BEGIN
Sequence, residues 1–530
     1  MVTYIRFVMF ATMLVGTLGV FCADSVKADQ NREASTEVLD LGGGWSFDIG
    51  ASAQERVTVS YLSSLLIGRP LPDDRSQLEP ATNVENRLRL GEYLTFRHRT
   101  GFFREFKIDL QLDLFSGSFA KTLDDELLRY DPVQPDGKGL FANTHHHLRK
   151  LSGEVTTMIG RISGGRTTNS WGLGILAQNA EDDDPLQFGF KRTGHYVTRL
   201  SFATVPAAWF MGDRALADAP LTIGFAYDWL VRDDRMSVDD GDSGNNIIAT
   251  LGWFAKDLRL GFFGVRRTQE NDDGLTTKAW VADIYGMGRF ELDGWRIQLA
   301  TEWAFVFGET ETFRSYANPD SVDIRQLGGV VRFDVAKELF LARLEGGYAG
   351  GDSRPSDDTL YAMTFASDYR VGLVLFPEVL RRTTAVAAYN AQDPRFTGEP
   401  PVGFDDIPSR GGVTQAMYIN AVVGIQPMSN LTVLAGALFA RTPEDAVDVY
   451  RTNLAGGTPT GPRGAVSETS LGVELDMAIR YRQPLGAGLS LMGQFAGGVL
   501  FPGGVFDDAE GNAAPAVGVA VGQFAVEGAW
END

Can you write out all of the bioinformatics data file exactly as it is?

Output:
Sequence, residues 1–530
     1  MVTYIRFVMF ATMLVGTLGV FCADSVKADQ NREASTEVLD LGGGWSFDIG
    51  ASAQERVTVS YLSSLLIGRP LPDDRSQLEP ATNVENRLRL GEYLTFRHRT
   101  GFFREFKIDL QLDLFSGSFA KTLDDELLRY DPVQPDGKGL FANTHHHLRK
   151  LSGEVTTMIG RISGGRTTNS WGLGILAQNA EDDDPLQFGF KRTGHYVTRL
   201  SFATVPAAWF MGDRALADAP LTIGFAYDWL VRDDRMSVDD GDSGNNIIAT
   251  LGWFAKDLRL GFFGVRRTQE NDDGLTTKAW VADIYGMGRF ELDGWRIQLA
   301  TEWAFVFGET ETFRSYANPD SVDIRQLGGV VRFDVAKELF LARLEGGYAG
   351  GDSRPSDDTL YAMTFASDYR VGLVLFPEVL RRTTAVAAYN AQDPRFTGEP
   401  PVGFDDIPSR GGVTQAMYIN AVVGIQPMSN LTVLAGALFA RTPEDAVDVY
   451  RTNLAGGTPT GPRGAVSETS LGVELDMAIR YRQPLGAGLS LMGQFAGGVL
   501  FPGGVFDDAE GNAAPAVGVA VGQFAVEGAW